SDN Integration: Same as it Ever Was

The dream of open SDN integration and connectivity fractures into a reality of closed, limiting vendor collaborations.

By Arthur Cole | Posted Jul 22, 2016
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One of the earliest promises of SDN was that abstraction of network services would enable a grand, unified connectivity paradigm, doing away with the messy business of integrating disparate platforms, topologies and vendor solutions.

It’s probably too early to say that this vision has been completely dashed, but neither has it proven to be as easy as initially thought. The fact is, with most organizations still working on getting basic SDN functionality in place, the notion of a unified, end-to-end network ecosystem is not foremost on many priority lists at the moment.

So far, the creation of an integrated SDN environment has proceeded along the same lines as in traditional network infrastructure: through piecemeal agreements between vendors. Pica8, for instance, recently teamed up with HPE to integrate the PicOS operating system with services delivered through the HPE SDN App Store. This makes it easier to create a customized SDN solution between PiCOS and systems like the HPE Altoline switches and VAN SDN Controller, both of which can be directed by OpenFlow-based policy management. At the same time, Pica8 provides a free, community-based app called Privatizer to enable multi-vendor VLAN functionality within the PicOS ecosystem.

Meanwhile, SDN deployments also have to contend with multiple platforms governing the SD-WAN, the SDDC, and other domains both inside and outside the data center. This can hamper connectivity in distributed environments. Avaya and FatPipe recently forged an alliance to confront this issue by integrating their respective platforms into a validated end-to-end solution. In short, the system brings FatPipe’s automation and zero-touch provisioning capabilities to Avaya’s OpenStack-based Fx platform, which combines an intelligent network edge with transparent core switching to provide single-hop connectivity from any point on the network. In this way, organizations can build fully interconnected data centers that function as a single, distributed entity.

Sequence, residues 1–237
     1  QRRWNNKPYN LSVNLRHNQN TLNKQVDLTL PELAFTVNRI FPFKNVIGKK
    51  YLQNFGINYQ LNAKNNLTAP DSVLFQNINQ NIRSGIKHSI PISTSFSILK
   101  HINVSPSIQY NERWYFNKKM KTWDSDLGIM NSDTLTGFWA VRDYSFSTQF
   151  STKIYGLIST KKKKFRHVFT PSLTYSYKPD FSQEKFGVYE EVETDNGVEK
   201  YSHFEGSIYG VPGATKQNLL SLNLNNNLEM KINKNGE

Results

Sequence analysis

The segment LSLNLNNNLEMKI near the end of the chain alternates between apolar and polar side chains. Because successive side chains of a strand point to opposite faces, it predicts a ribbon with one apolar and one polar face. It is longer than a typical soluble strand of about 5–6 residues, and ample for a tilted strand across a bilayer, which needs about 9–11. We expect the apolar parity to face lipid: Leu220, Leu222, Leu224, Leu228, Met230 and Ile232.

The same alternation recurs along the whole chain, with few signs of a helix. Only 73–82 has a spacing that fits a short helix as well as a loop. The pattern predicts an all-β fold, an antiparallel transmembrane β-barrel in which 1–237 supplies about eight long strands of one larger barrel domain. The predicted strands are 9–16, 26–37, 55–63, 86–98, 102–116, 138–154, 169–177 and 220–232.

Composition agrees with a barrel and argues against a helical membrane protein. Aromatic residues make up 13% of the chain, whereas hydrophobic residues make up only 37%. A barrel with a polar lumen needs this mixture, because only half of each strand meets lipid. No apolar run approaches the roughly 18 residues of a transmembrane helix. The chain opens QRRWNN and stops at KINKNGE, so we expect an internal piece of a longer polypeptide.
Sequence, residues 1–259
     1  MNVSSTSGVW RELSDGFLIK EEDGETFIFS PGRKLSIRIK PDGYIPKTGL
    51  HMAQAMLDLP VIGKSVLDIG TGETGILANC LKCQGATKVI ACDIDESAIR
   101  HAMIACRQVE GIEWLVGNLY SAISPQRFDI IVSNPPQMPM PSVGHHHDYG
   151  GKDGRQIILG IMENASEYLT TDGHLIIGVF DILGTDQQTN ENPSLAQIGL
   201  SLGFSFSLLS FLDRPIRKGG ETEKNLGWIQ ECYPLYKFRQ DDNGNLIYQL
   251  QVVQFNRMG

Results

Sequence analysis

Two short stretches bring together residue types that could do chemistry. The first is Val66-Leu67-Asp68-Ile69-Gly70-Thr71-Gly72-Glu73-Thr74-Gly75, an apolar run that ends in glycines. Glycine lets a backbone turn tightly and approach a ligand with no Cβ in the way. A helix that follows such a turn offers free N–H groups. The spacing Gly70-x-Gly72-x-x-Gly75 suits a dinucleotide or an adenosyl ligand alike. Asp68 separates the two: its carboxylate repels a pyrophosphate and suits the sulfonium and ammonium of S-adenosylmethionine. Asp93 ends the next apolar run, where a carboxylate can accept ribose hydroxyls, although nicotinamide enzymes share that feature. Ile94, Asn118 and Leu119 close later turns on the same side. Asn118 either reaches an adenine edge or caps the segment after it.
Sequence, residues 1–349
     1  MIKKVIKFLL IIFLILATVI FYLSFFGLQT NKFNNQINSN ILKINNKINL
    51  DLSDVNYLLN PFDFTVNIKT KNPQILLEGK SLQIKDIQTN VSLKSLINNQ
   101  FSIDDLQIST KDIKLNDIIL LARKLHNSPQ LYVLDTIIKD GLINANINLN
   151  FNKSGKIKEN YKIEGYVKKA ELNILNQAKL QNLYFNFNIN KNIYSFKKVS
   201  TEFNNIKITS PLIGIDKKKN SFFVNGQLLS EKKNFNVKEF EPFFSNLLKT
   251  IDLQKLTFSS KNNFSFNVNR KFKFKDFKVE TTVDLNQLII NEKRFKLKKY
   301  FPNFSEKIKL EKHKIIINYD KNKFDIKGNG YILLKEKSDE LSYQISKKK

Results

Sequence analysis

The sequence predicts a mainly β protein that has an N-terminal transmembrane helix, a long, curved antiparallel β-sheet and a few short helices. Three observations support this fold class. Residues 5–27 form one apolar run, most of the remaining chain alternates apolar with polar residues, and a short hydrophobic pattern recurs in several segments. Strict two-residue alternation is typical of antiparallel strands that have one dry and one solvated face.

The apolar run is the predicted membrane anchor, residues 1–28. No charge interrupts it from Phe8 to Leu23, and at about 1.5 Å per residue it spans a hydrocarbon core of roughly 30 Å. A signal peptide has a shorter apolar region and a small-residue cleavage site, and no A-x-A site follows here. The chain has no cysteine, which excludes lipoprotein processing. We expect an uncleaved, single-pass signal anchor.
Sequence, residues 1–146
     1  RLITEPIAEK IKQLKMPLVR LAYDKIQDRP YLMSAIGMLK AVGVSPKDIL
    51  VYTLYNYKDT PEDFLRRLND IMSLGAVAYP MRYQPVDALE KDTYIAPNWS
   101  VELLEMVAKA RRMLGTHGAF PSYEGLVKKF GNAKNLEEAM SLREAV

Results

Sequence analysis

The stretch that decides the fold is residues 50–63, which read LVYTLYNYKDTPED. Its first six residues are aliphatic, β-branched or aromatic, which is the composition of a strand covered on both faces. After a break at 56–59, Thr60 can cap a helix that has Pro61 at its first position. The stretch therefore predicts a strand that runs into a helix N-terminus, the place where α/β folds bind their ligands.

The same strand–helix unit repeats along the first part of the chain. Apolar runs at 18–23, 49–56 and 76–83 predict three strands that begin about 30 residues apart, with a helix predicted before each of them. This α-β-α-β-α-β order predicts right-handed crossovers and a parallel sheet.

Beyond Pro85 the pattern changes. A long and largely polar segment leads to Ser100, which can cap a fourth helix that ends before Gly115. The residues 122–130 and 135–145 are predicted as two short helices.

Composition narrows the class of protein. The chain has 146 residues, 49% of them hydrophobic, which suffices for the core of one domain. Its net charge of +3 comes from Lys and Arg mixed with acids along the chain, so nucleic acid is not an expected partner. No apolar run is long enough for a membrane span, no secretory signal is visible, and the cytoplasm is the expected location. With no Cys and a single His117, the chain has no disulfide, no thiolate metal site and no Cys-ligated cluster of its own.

This is all well and good for newly virtualized infrastructure, but what about that legacy plant that still has value to the enterprise? A company called FusionLayer says it has a solution, but again it has to be implemented on a vendor-specific SDN deployment, like Nuage Networks’ Virtual Services Platform (VSP). The companies recently announced a union in which FusionLayer’s Infinity IP address management system will provide unified management across traditional networks and VSP architectures. Once deployed, Infinity automatically pulls network configuration data from VSP to provide real-time contextual visibility into the stack. It can then link traditional network resources to the VSP stack for immediate service activation, providing central management of all workloads, containers and even NFV elements.

And as expected, open source communities like the Open Networking Foundation and the ONOS Project are keen to establish a broad-based virtual networking architecture that allows for highly customizable, highly scalable fabric architectures. The two have recently begun collaborating on an L2/L3 leaf-spine solution that can quickly establish open-source SDN functionality on commodity bare-metal hardware. The system utilizes the Edgecore hardware specifications defined by the Open Compute Project as well as various switching software platforms, such as OCP’s Open Network Linux and Broadcom’s OpenFlow Data Plane Abstraction API. Project leaders say it provides a high-availability solution that supports multi-instance ONOS controller cluster functionality, plus integration with Brocade’s vRouter to interface with traditional networks using the BGP and OSPF protocols.

So in the end, there are multiple ways to integrate SDN solutions with various hardware and software platforms, but only under pre-defined conditions in which the various vendors and development communities have agreed to work together. This isn’t altogether surprising considering that even abstract networks have to conform to the economic realities of revenue-generation and market development.

But it also means that even as SDN removes much of the complexity that exists in current network management architectures, it introduces new barriers to interconnectivity that must be addressed in the same fashion: through piece-by-piece integration.

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